New quantum phenomena in graphene superlattices September 18th, 2017

Do titanium dioxide particles from orthopedic implants disrupt bone repair? September 16th, 2017

Hydrogen power moves a step closer: Physicists are developing methods of creating renewable fuel from water using quantum technology September 15th, 2017

Arrowhead Hosts Investor & Analyst R&D Day to Introduce TRiM(TM) Platform and Lead RNAi-based Drug Candidates September 14th, 2017

Physics

New quantum phenomena in graphene superlattices September 18th, 2017

Bit data goes anti-skyrmions September 1st, 2017

Chemistry

Chemical hot spots: Scanning tunneling microscopy measurements identify active sites on catalyst surfaces September 7th, 2017

More durable, less expensive fuel cells: University of Delaware researchers have developed a new technology that could speed up the commercialization of fuel cell vehicles September 5th, 2017

Research shows how DNA molecules cross nanopores: Study could inform biosensors, manufacturing, and more September 5th, 2017

Govt.-Legislation/Regulation/Funding/Policy

New insights into nanocrystal growth in liquid: Understanding process that creates complex crystals important for energy applications September 14th, 2017

Magnetic cellular 'Legos' for the regenerative medicine of the future September 12th, 2017

First on-chip nanoscale optical quantum memory developed: Smallest-yet optical quantum memory device is a storage medium for optical quantum networks with the potential to be scaled up for commercial use September 11th, 2017

High-speed quantum memory for photons September 9th, 2017

Nanomedicine

Do titanium dioxide particles from orthopedic implants disrupt bone repair? September 16th, 2017

Arrowhead Hosts Investor & Analyst R&D Day to Introduce TRiM(TM) Platform and Lead RNAi-based Drug Candidates September 14th, 2017

Graphene based terahertz absorbers: Printable graphene inks enable ultrafast lasers in the terahertz range September 13th, 2017

Applications for the nanomedTAB are open until September 18th, 2017 September 13th, 2017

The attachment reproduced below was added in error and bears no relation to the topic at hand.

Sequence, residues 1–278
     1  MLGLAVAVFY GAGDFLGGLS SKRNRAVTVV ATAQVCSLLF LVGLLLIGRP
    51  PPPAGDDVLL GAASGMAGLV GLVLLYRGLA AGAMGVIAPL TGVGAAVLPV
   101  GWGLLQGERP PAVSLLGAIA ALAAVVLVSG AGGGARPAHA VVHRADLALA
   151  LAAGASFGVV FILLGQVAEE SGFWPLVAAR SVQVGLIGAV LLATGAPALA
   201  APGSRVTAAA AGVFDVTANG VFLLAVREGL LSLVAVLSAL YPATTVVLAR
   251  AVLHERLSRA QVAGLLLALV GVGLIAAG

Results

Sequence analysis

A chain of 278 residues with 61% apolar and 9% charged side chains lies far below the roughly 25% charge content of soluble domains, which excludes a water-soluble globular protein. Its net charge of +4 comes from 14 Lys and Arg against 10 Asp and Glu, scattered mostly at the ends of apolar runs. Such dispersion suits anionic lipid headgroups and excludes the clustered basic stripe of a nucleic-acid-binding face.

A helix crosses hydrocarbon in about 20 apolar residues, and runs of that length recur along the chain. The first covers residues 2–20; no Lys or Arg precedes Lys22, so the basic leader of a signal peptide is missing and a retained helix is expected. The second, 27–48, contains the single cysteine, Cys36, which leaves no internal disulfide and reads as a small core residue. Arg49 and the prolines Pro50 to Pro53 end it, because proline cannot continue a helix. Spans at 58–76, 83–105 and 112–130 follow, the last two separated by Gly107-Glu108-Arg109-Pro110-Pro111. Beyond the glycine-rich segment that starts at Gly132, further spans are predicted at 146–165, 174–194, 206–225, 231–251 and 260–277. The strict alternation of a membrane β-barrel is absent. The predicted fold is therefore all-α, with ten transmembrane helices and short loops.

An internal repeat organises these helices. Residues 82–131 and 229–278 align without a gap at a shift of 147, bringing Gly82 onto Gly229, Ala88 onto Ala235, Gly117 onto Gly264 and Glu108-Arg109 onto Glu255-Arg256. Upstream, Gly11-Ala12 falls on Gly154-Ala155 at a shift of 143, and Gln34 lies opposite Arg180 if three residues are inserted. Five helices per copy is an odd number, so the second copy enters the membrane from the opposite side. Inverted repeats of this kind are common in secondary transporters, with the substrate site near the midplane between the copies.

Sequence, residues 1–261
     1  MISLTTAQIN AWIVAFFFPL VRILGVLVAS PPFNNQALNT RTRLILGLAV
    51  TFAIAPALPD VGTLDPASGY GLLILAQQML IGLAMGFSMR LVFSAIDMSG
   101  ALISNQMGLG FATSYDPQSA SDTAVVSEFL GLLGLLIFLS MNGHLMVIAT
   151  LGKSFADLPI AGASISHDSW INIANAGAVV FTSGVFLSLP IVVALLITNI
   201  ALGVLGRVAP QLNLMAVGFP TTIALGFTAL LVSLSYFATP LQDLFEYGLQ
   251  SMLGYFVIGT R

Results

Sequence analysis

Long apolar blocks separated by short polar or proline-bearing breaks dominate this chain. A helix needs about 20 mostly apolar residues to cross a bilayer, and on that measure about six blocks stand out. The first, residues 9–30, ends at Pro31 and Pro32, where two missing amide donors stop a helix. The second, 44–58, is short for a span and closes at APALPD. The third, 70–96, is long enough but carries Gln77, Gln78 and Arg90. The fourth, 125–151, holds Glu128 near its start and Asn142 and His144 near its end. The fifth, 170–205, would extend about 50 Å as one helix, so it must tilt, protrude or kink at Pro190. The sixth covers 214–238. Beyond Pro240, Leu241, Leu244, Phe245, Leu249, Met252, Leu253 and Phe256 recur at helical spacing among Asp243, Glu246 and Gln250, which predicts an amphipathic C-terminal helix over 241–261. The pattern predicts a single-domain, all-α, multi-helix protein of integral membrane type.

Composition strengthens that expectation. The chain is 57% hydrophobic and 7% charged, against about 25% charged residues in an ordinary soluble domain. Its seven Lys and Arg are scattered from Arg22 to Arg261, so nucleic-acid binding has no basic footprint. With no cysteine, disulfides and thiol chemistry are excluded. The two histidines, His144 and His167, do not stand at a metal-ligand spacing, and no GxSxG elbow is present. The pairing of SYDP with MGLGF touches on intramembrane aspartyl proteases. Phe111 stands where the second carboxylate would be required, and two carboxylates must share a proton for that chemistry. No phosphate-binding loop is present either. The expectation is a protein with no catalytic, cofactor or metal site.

Discoveries

A new approach to ultrafast light pulses: Unusual fluorescent materials could be used for rapid light-based communications systems September 19th, 2017

New quantum phenomena in graphene superlattices September 18th, 2017

Do titanium dioxide particles from orthopedic implants disrupt bone repair? September 16th, 2017

Hydrogen power moves a step closer: Physicists are developing methods of creating renewable fuel from water using quantum technology September 15th, 2017

Materials/Metamaterials

New quantum phenomena in graphene superlattices September 18th, 2017

New insights into nanocrystal growth in liquid: Understanding process that creates complex crystals important for energy applications September 14th, 2017

Corrosion in real time: UCSB researchers get a nanoscale glimpse of crevice and pitting corrosion as it happens September 14th, 2017

Graphene based terahertz absorbers: Printable graphene inks enable ultrafast lasers in the terahertz range September 13th, 2017

Announcements

A new approach to ultrafast light pulses: Unusual fluorescent materials could be used for rapid light-based communications systems September 19th, 2017

New quantum phenomena in graphene superlattices September 18th, 2017

Do titanium dioxide particles from orthopedic implants disrupt bone repair? September 16th, 2017

Hydrogen power moves a step closer: Physicists are developing methods of creating renewable fuel from water using quantum technology September 15th, 2017

Nanobiotechnology

Do titanium dioxide particles from orthopedic implants disrupt bone repair? September 16th, 2017

Applications for the nanomedTAB are open until September 18th, 2017 September 13th, 2017

Magnetic cellular 'Legos' for the regenerative medicine of the future September 12th, 2017

How to draw electricity from the bloodstream: A one-dimensional fluidic nanogenerator with a high power-conversion efficiency September 11th, 2017

NanoNews-Digest
The latest news from around the world, FREE



  Premium Products
NanoNews-Custom
Only the news you want to read!
 Learn More
NanoTech-Transfer
University Technology Transfer & Patents
 Learn More
NanoStrategies
Full-service, expert consulting
 Learn More











ASP
Nanotechnology Now Featured Books




NNN

The Hunger Project